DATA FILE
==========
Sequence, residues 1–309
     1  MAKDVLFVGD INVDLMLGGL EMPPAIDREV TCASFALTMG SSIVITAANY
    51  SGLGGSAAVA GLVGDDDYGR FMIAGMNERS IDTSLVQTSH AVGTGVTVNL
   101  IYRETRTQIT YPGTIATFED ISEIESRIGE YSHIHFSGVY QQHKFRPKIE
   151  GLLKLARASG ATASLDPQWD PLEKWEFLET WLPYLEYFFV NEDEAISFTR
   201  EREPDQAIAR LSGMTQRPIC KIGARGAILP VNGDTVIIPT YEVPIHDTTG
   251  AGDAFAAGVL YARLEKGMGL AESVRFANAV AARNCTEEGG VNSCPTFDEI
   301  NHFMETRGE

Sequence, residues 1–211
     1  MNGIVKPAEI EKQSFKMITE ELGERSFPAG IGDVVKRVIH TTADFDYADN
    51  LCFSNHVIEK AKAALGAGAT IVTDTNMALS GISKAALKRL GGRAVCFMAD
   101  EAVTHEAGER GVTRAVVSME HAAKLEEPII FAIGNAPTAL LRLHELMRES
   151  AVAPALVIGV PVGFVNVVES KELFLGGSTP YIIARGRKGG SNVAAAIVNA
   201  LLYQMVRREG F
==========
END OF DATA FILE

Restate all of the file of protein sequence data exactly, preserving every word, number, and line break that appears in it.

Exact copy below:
Sequence, residues 1–309
     1  MAKDVLFVGD INVDLMLGGL EMPPAIDREV TCASFALTMG SSIVITAANY
    51  SGLGGSAAVA GLVGDDDYGR FMIAGMNERS IDTSLVQTSH AVGTGVTVNL
   101  IYRETRTQIT YPGTIATFED ISEIESRIGE YSHIHFSGVY QQHKFRPKIE
   151  GLLKLARASG ATASLDPQWD PLEKWEFLET WLPYLEYFFV NEDEAISFTR
   201  EREPDQAIAR LSGMTQRPIC KIGARGAILP VNGDTVIIPT YEVPIHDTTG
   251  AGDAFAAGVL YARLEKGMGL AESVRFANAV AARNCTEEGG VNSCPTFDEI
   301  NHFMETRGE

Sequence, residues 1–211
     1  MNGIVKPAEI EKQSFKMITE ELGERSFPAG IGDVVKRVIH TTADFDYADN
    51  LCFSNHVIEK AKAALGAGAT IVTDTNMALS GISKAALKRL GGRAVCFMAD
   101  EAVTHEAGER GVTRAVVSME HAAKLEEPII FAIGNAPTAL LRLHELMRES
   151  AVAPALVIGV PVGFVNVVES KELFLGGSTP YIIARGRKGG SNVAAAIVNA
   201  LLYQMVRREG F